Finding fresh and affordable produce in rural Alaska has essentially been impossible, but two new start-ups, Alaska Natural Organics and Vertical Harvest Hydroponics, want to change that by bringing local, year-round farming to a state where officials say as much as 95 percent of food is imported. Urban indoor farming has sprouted up in places like Japan and Chicago, and now it’s showing its virtues as a solution in climates with more extreme conditions that limit agriculture. It’s a smart answer to an enduring problem, as Alaska’s growing season averages a mere 105 days a year.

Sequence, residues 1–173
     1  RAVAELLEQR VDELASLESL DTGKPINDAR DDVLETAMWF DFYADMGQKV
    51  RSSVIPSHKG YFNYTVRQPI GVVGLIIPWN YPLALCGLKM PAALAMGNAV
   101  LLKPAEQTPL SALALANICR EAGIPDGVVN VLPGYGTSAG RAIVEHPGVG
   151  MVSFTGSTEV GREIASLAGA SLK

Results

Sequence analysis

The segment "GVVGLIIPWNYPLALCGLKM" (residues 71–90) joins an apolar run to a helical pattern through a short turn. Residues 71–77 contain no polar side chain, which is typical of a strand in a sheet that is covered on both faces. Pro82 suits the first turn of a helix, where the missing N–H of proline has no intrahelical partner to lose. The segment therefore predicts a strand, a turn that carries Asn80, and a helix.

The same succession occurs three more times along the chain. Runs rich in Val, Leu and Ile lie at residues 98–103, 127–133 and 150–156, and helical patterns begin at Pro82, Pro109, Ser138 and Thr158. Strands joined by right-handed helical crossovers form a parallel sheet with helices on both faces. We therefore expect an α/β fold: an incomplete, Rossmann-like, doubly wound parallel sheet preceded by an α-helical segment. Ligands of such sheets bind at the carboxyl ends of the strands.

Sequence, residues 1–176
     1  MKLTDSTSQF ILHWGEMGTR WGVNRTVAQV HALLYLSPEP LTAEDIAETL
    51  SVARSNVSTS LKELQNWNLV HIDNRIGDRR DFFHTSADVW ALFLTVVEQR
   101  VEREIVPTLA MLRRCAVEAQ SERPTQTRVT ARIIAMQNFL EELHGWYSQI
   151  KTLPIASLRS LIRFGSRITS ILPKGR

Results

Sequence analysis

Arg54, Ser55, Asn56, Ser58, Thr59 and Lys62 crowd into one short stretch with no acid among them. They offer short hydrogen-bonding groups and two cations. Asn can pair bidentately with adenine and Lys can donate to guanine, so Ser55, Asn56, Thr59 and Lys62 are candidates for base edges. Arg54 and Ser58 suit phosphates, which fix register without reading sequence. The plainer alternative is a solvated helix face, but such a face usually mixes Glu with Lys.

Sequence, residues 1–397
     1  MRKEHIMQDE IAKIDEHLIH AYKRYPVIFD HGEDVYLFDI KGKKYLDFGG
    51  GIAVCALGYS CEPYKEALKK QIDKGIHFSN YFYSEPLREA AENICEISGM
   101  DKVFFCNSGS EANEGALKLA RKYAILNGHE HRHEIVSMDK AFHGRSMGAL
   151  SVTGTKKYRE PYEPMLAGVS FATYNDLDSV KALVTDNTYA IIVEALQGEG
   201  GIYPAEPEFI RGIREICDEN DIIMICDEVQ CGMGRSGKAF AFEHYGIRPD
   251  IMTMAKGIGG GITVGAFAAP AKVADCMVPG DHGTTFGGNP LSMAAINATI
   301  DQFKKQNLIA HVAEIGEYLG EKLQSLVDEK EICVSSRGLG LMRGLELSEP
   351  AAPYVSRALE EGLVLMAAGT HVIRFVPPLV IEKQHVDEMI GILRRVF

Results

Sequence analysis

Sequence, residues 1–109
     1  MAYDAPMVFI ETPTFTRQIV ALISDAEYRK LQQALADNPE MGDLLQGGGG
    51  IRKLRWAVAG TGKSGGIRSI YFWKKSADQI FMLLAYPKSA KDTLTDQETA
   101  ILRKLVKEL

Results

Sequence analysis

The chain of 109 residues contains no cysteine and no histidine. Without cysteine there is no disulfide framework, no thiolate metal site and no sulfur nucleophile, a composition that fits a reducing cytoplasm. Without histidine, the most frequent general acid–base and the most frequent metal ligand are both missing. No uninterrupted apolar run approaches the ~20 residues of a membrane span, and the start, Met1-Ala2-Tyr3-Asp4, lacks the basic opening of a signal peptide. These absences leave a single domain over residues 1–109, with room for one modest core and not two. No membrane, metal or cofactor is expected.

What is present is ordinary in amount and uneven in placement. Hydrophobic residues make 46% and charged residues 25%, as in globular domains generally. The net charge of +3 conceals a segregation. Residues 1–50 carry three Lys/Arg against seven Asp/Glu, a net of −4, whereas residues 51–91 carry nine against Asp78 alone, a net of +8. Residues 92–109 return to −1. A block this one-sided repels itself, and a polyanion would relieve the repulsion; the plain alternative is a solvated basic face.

ANO raises and sells the crops itself, while VHH retrofits shipping containers into portable indoor farms — capable of growing 1,800 heads of lettuce and herbs at a time — that can be brought to restaurants and remote areas. But both use hydroponic farming, wherein crops are raised in water, without soil, under LED lights. ANO founder Jason Smith hopes to create smaller-scale versions of his indoor farm, and says he’s talking to one indigenous group about possibilities, while VHH co-founder Cameron Willingham tells the Times that his containers are “Artic-capable.” The technology is particularly useful for residents in rural areas where roads are rare, meaning access is often only available by air or sea, and fresh produce is low-quality and very expensive.